She was arrested, and a bus boycott by the black citizens of Montgomery followed, led by a new minister in town, the 26-year-old Rev Martin Luther King. A year later the buses in Montgomery were desegregated, and the Civil Rights movement had discovered the power of non-violent protest.
Mrs Parks, who died on Monday after 50 years of being a living symbol, was a brave woman, whose moral courage inspired millions to fight for their own rights and those of others. She acted spontaneously that day in Montgomery, but was not adverse to allowing her arrest to launch a protest that was bound to lead to violence against its leaders. In fact, she had attended a workshop on race relations earlier in the year, and knew that the National Association for the Advancement of Colored People planned to launch a campaign in Montgomery when the right case offered itself.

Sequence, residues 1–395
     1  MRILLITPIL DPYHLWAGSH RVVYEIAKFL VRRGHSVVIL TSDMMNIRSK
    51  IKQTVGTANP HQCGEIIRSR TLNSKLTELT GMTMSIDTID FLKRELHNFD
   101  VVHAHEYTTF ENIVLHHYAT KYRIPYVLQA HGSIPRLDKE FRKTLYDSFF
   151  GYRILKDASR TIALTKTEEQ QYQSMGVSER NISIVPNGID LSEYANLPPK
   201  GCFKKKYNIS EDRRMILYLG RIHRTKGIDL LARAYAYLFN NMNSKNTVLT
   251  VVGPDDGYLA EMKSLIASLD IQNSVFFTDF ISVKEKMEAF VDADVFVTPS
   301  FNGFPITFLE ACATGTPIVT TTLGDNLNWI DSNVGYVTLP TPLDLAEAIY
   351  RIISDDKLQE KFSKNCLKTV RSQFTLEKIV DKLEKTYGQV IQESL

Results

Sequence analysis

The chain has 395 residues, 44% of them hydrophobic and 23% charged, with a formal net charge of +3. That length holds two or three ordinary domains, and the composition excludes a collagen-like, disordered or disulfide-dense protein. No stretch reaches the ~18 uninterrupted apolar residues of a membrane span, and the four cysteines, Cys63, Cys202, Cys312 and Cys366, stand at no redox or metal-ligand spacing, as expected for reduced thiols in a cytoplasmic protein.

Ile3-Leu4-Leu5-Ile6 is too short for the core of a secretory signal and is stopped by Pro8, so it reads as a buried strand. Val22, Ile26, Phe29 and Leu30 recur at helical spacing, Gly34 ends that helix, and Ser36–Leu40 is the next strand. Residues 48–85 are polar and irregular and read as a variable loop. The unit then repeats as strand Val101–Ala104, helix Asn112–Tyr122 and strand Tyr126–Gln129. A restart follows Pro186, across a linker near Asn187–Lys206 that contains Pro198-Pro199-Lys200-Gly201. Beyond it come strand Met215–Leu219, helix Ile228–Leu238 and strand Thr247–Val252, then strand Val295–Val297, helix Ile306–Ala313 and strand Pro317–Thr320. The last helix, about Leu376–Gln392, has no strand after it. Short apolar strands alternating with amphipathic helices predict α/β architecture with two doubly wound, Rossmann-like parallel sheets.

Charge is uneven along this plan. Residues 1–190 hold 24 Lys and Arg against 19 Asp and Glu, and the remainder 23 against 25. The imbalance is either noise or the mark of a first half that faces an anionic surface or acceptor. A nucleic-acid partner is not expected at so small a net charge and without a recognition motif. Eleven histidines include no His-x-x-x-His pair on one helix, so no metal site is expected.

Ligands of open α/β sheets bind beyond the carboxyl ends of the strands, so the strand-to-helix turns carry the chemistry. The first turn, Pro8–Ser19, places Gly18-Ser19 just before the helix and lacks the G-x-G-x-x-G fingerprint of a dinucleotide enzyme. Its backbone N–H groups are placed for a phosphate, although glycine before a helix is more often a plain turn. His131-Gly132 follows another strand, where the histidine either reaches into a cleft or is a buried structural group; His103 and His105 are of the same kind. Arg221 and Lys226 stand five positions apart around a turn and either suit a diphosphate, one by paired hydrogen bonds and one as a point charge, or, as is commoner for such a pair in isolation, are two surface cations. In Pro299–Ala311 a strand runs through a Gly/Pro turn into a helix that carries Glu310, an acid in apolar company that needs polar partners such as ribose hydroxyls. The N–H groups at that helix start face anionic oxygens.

Rosa Parks' dignity and purpose fuelled a movement that still inspires admiration and imitation half a century later. In 1989, the New Orleans band, the Neville Brothers, released a song, "Miss Rosa Parks", that captures the respect in which she is rightly held:
"December 1 1955,/ Our freedom movement came alive./ And because of Sister Rosa you know,/ We don't ride on the back of the bus no more./ Thank you Miss Rosa, you are the spark,/ You started our freedom movement./ Thank you Sister Rosa Parks."
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